Shirley Slade, WWII WASP pilot of B-26 and B-39. In 1942, the United States was faced with a severe shortage of pilots, so an experimental program to replace males with female pilots was created. The group of female pilots was called the Women Airforce Service Pilots — WASP for short. Shirley Slade was one of about 1,100 chosen. She was trained to fly the B-26 and B-39, and that got her put on the cover of Life magazine in 1943 at about 23 years old.
RAF aides try to remove a wheel landing gear of this huge heavy bomber Short Stirling. This was one of the biggest bombers of the war and the second in capacity.When it became obsolete over other as the Lancaster, I modified it to make transport glider.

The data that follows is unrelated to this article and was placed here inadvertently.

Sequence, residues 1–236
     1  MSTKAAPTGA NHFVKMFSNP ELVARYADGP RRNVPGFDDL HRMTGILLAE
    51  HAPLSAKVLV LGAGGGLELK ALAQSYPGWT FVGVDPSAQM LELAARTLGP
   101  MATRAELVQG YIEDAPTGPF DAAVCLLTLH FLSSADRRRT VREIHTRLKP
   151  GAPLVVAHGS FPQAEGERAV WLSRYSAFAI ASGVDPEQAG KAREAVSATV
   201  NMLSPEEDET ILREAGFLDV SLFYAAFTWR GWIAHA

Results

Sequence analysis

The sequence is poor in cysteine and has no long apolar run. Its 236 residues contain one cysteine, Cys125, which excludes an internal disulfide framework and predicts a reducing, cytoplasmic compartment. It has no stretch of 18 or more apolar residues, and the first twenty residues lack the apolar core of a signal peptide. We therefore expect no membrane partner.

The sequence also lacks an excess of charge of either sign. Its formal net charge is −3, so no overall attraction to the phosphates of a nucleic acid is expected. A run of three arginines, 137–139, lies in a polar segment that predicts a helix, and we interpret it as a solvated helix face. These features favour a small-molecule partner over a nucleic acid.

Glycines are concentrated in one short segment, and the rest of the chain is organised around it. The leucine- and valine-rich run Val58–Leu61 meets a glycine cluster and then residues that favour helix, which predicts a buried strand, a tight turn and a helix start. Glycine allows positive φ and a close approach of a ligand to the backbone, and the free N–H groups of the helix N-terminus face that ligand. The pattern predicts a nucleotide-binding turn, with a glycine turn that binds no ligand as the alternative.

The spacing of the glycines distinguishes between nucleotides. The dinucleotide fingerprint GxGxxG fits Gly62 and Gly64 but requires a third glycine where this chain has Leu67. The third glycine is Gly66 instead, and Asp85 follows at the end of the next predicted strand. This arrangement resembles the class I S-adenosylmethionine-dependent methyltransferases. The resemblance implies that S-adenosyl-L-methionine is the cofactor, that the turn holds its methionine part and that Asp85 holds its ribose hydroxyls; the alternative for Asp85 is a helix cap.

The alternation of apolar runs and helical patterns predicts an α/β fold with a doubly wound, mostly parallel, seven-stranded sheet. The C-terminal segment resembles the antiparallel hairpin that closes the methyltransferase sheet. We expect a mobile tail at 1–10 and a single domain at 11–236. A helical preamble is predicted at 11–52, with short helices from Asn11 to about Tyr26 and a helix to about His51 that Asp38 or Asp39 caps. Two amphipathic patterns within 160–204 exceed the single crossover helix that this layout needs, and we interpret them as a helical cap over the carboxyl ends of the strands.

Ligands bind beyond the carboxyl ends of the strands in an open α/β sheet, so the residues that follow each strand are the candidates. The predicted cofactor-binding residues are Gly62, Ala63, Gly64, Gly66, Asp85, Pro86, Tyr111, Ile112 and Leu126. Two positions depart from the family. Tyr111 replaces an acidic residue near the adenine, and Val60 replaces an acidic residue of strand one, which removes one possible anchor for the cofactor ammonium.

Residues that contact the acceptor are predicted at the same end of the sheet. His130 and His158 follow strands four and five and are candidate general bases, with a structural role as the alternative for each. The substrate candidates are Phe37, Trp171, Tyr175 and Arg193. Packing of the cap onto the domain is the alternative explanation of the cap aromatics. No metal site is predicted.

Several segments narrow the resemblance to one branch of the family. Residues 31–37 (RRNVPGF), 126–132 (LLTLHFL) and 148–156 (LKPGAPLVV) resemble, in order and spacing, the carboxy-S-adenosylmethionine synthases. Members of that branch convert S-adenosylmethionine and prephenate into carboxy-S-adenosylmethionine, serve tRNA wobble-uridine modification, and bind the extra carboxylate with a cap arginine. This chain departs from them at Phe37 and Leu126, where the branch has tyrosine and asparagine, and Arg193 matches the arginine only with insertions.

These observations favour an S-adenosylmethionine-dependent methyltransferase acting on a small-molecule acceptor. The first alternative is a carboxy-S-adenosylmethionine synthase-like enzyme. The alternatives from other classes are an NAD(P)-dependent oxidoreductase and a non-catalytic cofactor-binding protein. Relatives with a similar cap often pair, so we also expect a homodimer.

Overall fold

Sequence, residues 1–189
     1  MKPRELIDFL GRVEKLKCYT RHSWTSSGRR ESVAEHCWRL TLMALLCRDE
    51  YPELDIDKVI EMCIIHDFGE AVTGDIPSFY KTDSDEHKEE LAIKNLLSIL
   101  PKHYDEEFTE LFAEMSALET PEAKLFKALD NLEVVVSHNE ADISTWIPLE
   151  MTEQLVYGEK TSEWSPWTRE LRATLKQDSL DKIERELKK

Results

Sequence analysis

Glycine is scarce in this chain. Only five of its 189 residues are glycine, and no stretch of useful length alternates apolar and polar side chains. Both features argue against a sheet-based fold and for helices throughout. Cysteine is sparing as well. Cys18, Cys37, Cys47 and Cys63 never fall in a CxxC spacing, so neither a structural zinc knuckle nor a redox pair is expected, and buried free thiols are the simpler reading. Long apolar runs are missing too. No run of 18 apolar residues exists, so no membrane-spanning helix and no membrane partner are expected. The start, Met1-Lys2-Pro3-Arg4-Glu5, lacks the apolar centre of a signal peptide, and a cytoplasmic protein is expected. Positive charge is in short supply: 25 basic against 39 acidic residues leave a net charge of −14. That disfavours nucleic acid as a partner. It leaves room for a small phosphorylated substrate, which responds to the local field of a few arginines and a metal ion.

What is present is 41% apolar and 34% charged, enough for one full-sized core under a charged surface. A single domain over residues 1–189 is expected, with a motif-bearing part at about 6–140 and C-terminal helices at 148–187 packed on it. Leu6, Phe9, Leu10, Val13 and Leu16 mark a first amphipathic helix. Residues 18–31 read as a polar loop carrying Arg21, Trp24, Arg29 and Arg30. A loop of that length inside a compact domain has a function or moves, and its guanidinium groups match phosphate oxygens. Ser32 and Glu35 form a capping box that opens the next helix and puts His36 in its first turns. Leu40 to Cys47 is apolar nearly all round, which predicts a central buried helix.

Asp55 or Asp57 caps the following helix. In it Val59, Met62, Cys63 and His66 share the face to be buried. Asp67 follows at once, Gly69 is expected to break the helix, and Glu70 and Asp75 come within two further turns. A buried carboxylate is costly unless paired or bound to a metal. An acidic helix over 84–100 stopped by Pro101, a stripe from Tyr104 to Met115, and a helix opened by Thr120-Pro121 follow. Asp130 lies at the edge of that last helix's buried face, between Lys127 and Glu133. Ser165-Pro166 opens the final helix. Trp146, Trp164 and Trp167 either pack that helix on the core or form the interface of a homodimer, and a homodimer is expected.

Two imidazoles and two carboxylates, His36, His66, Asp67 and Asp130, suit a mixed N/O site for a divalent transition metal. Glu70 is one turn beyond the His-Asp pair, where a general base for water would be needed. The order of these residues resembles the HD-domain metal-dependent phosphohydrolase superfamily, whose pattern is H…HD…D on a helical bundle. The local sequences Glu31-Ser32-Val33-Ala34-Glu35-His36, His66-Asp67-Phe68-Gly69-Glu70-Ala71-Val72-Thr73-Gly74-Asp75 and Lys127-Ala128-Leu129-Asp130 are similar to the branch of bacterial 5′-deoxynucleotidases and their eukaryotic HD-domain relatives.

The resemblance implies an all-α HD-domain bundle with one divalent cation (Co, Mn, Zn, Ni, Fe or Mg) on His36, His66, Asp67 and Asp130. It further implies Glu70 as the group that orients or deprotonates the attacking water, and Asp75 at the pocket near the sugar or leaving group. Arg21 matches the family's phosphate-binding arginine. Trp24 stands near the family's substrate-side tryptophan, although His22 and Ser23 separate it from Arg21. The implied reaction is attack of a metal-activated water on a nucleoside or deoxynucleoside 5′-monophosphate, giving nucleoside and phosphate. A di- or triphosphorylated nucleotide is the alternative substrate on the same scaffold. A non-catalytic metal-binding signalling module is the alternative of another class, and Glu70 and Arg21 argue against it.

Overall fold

Flight Lieutenant A. Costello of No. 112 Squadron RAF poses beside his Curtiss Kittyhawk at Sidi Heneish in Egypt (April The rugged, American-built (known to the RAF as the Tomahawk and Kittyhawk) came to symbolize the Desert Air Force.
An Avro Lancaster Bomber from the Battle of Britain Memorial Flight, flys over the Derwent Dam, 65 years to the day after the famous Dambuster raid known as Operation Chastise. Derwent Dam was used as a training location prior to the mission.